Saturday, December 30th, 2023
Two years ago, the room in the photo above was in a shockingly filthy state. It was originally the former Annexe’s kitchen, but was part of the fabric of the central part of the main house. The Annexe is otherwise set apart as a self-contained cottage that forms the western wing of the property. Access to this kitchen is via a long, narrow corridor. Historically, in 1930 the kitchen was designed to service the main house, whose inhabitants would not have ever set foot in a kitchen, let alone cooked for themselves, but relied on servants living in the Annexe to prepare and serve all the food. Adjoining this kitchen was the pantry which led into the big house. A serving hatch had been built into the party wall between kitchen and pantry, through which food prepared in the kitchen could be passed into the big house and taken to the dining room some distance away. When my family bought the house in 1960, they turned the small pantry into a kitchen for their own use, and the larger kitchen, together with the access corridor, were deemed to be part of the Annexe, for the sole use of its occupants.
In the early 1980s a cloak room, a “flower room” and the downstairs WC in the main house had to be rebuilt due to subsidence, so my parents saw this as an opportunity to build a modern single-storey kitchen extension instead of the cloak and flower rooms. The new kitchen would be much closer to the dining room and far more convenient. The small pantry kitchen then took on utility-room duties. Now, it is in effect a multi-purpose room which is much appreciated by B&B guests as a place to prepare and eat evening meals if they don’t want to eat out.
In December 2021, the cottage was vacated and I was left with an almighty cleanup job. The kitchen was left in a particularly bad state, and I knew it would take time and money to restore it. The sanitary facilities also needed attention. It was at that early stage that I decided to upgrade the whole cottage, not just the bathroom and kitchen. Plans were drawn up in 2022. For the kitchen there were two alternatives: one was to keep it as part of a rearranged single-storey Annexe, and the other was to transfer the old kitchen and corridor to the main house, extend the main block of the cottage upwards by building an upper storey for the two bedrooms and a new bathroom, and fitting a new kitchen in the space that was formerly occupied by a ground-floor bedroom. The second alternative was chosen, and the new Annexe was completed in November 2023, with new occupants moving in as the paint was drying.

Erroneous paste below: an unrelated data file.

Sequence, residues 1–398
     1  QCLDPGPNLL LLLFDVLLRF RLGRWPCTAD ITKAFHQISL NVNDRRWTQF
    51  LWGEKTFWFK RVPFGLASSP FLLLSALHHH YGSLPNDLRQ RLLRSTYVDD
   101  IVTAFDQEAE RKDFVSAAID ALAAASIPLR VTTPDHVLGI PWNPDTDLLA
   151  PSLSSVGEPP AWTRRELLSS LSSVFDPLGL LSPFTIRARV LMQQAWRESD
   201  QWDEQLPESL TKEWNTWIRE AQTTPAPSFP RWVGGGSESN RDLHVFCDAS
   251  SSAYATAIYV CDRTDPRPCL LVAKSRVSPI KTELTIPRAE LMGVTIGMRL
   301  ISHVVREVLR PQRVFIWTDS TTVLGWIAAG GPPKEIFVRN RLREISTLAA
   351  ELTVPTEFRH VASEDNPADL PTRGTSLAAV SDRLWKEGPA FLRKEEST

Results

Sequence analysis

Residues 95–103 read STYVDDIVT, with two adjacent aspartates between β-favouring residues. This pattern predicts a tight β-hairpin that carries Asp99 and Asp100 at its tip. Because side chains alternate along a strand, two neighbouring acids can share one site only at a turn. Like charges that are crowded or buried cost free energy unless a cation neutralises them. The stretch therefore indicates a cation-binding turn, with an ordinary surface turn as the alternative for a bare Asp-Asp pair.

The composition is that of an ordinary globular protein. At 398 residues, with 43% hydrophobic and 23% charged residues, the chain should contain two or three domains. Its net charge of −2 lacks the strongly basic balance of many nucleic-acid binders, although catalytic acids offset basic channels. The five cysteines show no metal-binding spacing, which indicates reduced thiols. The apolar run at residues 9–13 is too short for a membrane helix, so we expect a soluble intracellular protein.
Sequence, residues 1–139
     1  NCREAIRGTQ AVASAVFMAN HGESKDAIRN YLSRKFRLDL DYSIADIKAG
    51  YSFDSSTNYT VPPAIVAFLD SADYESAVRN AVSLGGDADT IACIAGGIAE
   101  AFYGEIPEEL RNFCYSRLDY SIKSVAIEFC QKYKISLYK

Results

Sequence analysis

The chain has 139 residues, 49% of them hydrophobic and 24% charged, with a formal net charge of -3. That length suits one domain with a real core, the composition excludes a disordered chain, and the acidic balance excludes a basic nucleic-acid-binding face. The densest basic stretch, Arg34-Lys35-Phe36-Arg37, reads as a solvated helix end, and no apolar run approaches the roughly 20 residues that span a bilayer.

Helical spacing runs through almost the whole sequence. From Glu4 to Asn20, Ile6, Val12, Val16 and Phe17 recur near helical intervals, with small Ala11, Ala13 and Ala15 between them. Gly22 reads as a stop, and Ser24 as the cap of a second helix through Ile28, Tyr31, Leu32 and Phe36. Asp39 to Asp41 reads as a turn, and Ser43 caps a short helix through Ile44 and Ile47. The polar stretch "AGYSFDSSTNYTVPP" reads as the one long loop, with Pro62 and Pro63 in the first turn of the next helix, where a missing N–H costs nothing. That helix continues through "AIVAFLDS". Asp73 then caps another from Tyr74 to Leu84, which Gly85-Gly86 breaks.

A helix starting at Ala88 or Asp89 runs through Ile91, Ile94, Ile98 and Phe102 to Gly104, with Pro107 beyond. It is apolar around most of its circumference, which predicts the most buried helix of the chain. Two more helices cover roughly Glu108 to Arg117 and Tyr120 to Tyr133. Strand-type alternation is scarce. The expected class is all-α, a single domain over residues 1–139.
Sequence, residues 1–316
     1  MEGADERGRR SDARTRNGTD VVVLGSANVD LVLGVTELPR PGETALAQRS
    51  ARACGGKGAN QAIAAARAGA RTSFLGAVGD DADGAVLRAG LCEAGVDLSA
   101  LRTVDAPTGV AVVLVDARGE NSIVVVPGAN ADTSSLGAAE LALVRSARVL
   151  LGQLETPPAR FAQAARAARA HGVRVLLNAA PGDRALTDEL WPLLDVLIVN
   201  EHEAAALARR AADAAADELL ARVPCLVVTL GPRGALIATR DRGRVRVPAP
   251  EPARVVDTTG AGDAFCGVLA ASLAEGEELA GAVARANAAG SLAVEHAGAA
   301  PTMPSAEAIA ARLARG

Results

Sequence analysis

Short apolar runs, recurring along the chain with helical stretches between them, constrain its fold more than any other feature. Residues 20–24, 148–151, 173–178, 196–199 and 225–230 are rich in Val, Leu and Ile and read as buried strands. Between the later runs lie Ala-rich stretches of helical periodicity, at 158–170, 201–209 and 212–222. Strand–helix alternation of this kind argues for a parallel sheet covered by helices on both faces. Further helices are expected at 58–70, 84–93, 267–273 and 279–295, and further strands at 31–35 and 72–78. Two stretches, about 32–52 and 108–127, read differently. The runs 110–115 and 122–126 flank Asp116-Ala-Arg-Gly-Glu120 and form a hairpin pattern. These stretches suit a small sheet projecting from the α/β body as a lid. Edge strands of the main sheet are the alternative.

Now it was time to deal with the filthy Old Kitchen which was used as a builders’ mess room (literally!) throughout the project. The main house did not need a third kitchen, but it could certainly benefit from having a store room and a folding and pressing area for the B&B’s bed linen which could easily be accessed by staff. This large room, bigger than either of the two kitchens in the big house, would be ideal on both counts. The question was finding a name for it. It would best be described as a utility room, but I wanted a more traditional appellation, so it has become the Scullery (there was already a “Laundry Room” where the washing machines are).
To enable easier access to the Scullery from the main house, a doorway was created in the space formerly occupied by the serving hatch, and the door from the larder into the corridor was blocked off as it was now redundant.
All the old units, worktops, cupboards and grimy wall tiles were removed from the Scullery and put on the bonfire and skip. Literally everything bar the kitchen sink was stripped out. The sink was kept, as it was in relatively good condition and stainless steel is easy to clean and restore. My builder fitted new cupboards and worktop surfaces earlier this month and built some shelves. New windows were fitted and the smaller windows above the sink will be replaced this summer. During the Christmas break I filled the holes in the wall, cleaned and painted the room and the shelves and continued to restore the old quarry-tiled floor, which I don’t think had ever been properly cleaned since the 1950s. The builders had removed most of the grime from the floor and given it some preliminary coats of polish, but there were still areas that needed attention. It’s an ongoing process, though the red tiled floor is looking much better now, and I still have two doors to paint and a filthy built-in cupboard to clean and paint. The cupboard is used to store paint and tools, so it can wait until summer. It feels odd to have suddenly gained a very useful, functional large room in what is already a large house. The extra worktop surfaces (visible in the panoramic photo below) are excellent places for my large pressure cooker cum slow cooker, dough mixing machine, bread slicer and spare coffee machine, all of which are used daily but do not fit in the main kitchen. The trestle tables are brilliant for folding superking size sheets. Every well-appointed B&B needs a Scullery.
Panoramic view of the scullery